Beyond the Barking of Wild Dogs: Community economies, calculability and the making of art

Research output: A Conference proceeding or a Chapter in BookOther chapter contribution


This paper was originally presented to a gathering of academics, artists and entrepreneurs who gathered in late 2014 to consider the challenges thrown up by the re-structuring of the arts, culture and creative sector in Australia under the then Tony Abbot led Liberal government. I had been asked to reflect on the role of art making in civil society and to speak to how community economies might present “alternative modes of culture and knowledge production.” I thought to begin by getting a bit better connected to the cares and concerns of artists in my wider community. I turned to the first ‘art maker’ to hand: my seven-year-old daughter. What is art for? I asked, and she responded that art tells stories, it takes you on adventures, and it helps you learn stuff. Casting out to my wider community of art makers I asked, what do they think their art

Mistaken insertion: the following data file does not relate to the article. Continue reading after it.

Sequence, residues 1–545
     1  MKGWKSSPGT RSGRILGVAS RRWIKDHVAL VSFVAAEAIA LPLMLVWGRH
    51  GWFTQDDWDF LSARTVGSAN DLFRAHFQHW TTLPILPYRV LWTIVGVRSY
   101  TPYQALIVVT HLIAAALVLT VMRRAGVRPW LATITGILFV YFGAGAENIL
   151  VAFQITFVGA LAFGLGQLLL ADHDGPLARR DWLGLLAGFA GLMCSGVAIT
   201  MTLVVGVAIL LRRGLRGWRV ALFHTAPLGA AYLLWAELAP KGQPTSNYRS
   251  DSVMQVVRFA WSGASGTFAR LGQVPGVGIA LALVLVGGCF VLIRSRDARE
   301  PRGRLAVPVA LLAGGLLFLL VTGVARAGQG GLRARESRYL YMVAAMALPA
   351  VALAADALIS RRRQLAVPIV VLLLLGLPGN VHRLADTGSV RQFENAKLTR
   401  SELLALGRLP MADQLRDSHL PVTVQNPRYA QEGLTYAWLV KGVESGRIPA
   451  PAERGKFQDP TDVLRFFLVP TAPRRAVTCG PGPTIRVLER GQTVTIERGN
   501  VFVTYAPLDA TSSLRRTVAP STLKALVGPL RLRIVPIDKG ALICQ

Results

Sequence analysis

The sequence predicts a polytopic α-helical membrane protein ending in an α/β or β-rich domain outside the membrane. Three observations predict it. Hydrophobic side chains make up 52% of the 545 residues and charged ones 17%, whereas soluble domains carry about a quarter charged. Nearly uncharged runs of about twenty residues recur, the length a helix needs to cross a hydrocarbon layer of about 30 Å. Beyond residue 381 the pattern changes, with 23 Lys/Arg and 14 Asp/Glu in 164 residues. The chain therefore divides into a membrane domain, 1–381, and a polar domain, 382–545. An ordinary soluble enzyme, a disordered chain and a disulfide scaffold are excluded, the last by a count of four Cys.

is for? How do they see the relationship between art making and the work of civil society? These grown ups mostly agreed with the seven year old: art is about finding expression, about making magic, about taking journeys. It is "about making the space and time for us to reflect on the past and present, to celebrate, to challenge and to actively create the future... To feed each other, to listen, to watch, to wait… To think, to feel, to laugh and cry. To be alive together".
Original languageEnglish
Title of host publicationRe-Structure
Subtitle of host publicationOn alternative modes of culture and knowledge production in times of shrinking public expenditure
EditorsJan Hendrik, Hugh Davies
Place of PublicationAustralia
PublisherUnlikely publishing
Number of pages9
ISBN (Print)9780987118981
Publication statusPublished - 2016
Externally publishedYes


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